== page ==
Police Misconduct Costs Taxpayers Millions

Police Misconduct Costs Taxpayers Millions

The country is currently focused on the systemic brutality against minorities found in so many police departments. While the headlines concentrate on the latest outrage, there is yet another factor to consider that affects all of us. 

That is the often huge financial settlements received by the victims of police brutality – or their families if they were killed – for which taxpayers are on the hook. 

For example, the family of Breonna Taylor, who was shot by Louisville, Kentucky police in her own bed, will receive a $12 million settlement. Mayor Greg Fischer made this announcement recently, but the amount of many such settlements remains unknown due to confidentiality agreements.

Where Plaintiffs Sue

Large cities face hundreds of lawsuits annually against the police. However, how many claims are filed and how much money is paid varies by region. For example, Houston and Philadelphia have similar-sized police departments. 

In recent years, more people died at the hands of law enforcement in Houston than in Philly, but plaintiffs in The City of Brotherly Love filed ten times more lawsuits against the police than plaintiffs in Space City. 

The difference revolves around the fact that there are more civil rights lawyers in Philadelphia and the sort of claims a plaintiff may bring.  

Paying for Claims

Money for settlements comes from municipal insurance policies, as well as from city and county budgets. If the municipality in question does not have the resources to pay these judgments, then they must borrow the funds and issue bonds to make these payments.  

Cities borrow money all the time to fund new schools, libraries, recreational facilities, and other community benefits. When they must borrow money and issue bonds – and pay the related interest and fees – to pay the victims of police misconduct, that is money that could have been better spent elsewhere to help the public. 

Whether a particular incident constituted misconduct is often ambiguous. In such cases, it makes sense for a city to fight a lawsuit rather than settle. The bad news is that even when police misconduct incidents are cut-and-dried, complete with video, many cities still fight for months or years.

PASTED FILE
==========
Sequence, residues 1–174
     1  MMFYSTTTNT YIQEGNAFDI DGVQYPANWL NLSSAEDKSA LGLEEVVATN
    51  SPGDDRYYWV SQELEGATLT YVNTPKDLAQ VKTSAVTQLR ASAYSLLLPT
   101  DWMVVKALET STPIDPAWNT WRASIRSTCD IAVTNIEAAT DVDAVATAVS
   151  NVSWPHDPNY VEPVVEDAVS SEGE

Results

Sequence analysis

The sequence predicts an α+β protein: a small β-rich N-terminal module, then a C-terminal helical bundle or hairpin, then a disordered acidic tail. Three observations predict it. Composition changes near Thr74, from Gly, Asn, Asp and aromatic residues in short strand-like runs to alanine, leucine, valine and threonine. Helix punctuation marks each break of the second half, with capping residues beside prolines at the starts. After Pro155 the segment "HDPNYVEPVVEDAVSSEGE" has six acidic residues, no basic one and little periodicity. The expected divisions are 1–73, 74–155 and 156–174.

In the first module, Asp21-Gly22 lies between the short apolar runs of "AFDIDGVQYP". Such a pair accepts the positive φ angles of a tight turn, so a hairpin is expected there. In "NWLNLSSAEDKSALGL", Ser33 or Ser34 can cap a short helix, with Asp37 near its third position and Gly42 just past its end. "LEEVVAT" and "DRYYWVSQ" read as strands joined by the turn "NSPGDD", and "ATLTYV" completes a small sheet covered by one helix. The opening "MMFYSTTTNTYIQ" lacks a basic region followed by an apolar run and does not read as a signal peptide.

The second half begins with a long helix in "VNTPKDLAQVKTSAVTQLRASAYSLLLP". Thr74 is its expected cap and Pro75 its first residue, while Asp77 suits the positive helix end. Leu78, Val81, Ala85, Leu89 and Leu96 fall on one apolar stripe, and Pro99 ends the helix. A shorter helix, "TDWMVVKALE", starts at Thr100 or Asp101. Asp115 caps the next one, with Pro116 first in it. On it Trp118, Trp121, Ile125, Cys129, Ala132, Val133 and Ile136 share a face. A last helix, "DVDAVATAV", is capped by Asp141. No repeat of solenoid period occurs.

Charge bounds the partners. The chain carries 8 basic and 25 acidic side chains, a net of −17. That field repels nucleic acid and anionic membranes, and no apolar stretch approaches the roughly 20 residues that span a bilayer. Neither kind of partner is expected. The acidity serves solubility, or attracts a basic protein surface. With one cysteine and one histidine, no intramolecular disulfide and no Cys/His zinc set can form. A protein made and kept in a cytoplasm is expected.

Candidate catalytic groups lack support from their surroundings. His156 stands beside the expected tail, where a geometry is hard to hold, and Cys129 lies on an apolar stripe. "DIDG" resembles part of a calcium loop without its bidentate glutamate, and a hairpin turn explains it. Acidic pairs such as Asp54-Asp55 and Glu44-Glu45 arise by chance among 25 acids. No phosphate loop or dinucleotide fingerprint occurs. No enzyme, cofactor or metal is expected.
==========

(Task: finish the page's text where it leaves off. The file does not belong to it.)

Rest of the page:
The legal fees alone are enormous. Cities that decide to settle such cases early on not only avoid these big legal bills but may negotiate a lower settlement with a plaintiff’s attorney.  

Police Reforms Pay for Themselves

The drive to reform the police is based on rooting out long-term problems. While racism and other issues require confronting, the fact that police reforms are good for a municipality’s bottom line is often overlooked. Reforms should mean much fewer cases of misconduct, which will slow the number of lawsuits filed and money paid out. 

Police Financial Accountability 

What if police officers accused of misconduct had to pay the settlement of their own pockets, rather than depend on their jurisdiction to foot the bill? 

According to a 2017 University of Hawaii Law Review article, How Much is Police Brutality Costing America, between 2006 and 2011, in 44 of the nation’s largest jurisdictions, police officers financially contributed to settlements and judgments against them in just “.41 percent of the approximately 9,225 civil rights damages actions resolved in plaintiff’s favor.” Their financial contributions were only .02 percent of the more than $730 million spent by local jurisdictions in these situations. 

That same year, 2017, saw New York City spend $302 million in police misconduct lawsuits, a new record. 

Under the law of qualified immunity, police officers are not responsible for paying any of these costs. That may change, especially for repeat offenders. 

In Colorado, a new law going into effect as of July 2023 will cause a police officer whose employer finds that the officer was not acting in good faith or lawfully personally liable for up to 5 percent of a judgment or $25,000, whichever is less. Under the law, police officers may buy liability insurance for themselves. 


Related topics: financial accountability | police misconduct (52)

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